An apple a day keeps the doctor away
The first recorded use of the proverb was in the 1860s in Wales, (country of United Kingdom). The original wording of the saying was "Eat an apple on going to bed, and you’ll keep the doctor from earning his bread." The current phrasing ("An apple a day keeps the doctor away") was first used in print in 1922.
A 2011 study found that consumption of apples and pears might prevent strokes. A 2012 study found that apple consumption significantly lowered bad cholesterol levels in middle-aged adults. In 2013, the BMJ published a study as part of its humorous Christmas issue comparing the effects of prescribing everyone in the UK over age 50 either an apple or a statin a day. The study concluded that both interventions would be similarly effective.
A 2015 study looked directly at the relationship between apple consumption and physician visits and found no evidence that the proverb was true. The study did, however, find that people who ate an apple a day did use fewer prescription medications.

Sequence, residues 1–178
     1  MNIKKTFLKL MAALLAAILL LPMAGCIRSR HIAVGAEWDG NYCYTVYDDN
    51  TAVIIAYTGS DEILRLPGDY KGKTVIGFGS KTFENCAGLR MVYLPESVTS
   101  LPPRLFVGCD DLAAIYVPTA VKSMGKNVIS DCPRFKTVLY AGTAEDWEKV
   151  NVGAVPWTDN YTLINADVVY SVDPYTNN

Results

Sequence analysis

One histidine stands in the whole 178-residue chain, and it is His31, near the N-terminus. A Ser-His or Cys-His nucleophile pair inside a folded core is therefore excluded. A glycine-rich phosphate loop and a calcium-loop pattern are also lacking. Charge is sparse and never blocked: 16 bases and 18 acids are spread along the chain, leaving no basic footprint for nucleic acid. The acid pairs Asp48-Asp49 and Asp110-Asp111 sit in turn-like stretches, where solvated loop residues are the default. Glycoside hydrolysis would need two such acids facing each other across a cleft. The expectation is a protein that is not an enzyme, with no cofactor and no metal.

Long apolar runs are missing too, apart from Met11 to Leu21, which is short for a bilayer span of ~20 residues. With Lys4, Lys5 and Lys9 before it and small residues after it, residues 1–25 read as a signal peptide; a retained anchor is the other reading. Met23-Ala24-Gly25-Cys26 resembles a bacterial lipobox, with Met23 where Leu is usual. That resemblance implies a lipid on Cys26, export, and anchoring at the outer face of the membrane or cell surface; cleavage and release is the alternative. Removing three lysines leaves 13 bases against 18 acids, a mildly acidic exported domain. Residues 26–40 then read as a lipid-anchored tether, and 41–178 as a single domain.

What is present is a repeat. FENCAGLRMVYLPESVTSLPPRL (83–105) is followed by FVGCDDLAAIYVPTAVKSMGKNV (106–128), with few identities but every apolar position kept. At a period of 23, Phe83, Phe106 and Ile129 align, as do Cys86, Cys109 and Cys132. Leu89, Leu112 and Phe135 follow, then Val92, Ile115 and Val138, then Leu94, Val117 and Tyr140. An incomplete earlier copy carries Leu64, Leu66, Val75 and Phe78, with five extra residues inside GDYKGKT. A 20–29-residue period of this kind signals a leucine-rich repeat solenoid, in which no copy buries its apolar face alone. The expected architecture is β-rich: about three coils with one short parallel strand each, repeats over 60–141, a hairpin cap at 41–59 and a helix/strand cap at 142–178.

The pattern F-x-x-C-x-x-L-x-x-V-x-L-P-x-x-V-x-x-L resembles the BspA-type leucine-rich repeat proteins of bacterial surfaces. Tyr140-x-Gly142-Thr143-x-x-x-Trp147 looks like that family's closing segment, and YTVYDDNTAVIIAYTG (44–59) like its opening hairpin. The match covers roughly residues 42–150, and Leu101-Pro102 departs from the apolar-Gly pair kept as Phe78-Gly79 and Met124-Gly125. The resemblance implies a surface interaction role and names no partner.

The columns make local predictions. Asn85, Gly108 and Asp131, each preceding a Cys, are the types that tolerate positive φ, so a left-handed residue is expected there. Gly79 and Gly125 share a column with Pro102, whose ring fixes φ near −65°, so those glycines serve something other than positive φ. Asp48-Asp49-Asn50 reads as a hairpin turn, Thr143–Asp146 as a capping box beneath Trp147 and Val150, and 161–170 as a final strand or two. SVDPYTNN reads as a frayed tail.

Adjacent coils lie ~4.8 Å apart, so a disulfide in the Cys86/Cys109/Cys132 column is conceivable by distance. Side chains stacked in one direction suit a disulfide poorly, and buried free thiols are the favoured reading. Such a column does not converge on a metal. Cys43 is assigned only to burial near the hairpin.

However, a 2011 study found that adding one ‘Golden Delicious’ apple to the daily diet of a small group of overweight men led to higher levels of LDL cholesterol and triglycerides. The higher sugar and low-phenolic content of ‘Golden Delicious’ apples was blamed for the results.
- Ely, Margaret (24 September 2013). "History behind ‘An apple a day’". Washington Post. Retrieved 5 December 2015.
- Briggs, A. D. M.; Mizdrak, A.; Scarborough, P. (17 December 2013). "A statin a day keeps the doctor away: comparative proverb assessment modelling study". BMJ. 347 (dec17 2): f7267–f7267. doi:10.1136/bmj.f7267. Lay summary.
- Davis, Matthew A.; Bynum, Julie P. W.; Sirovich, Brenda E. (1 May 2015). "Association Between Apple Consumption and Physician Visits". JAMA Internal Medicine. 175 (5): 777. doi:10.1001/jamainternmed.2014.5466. Lay summary.
- James, Wong (4 October 2015). "Gardens: the truth about apples". The Guardian. Retrieved 16 April 2016.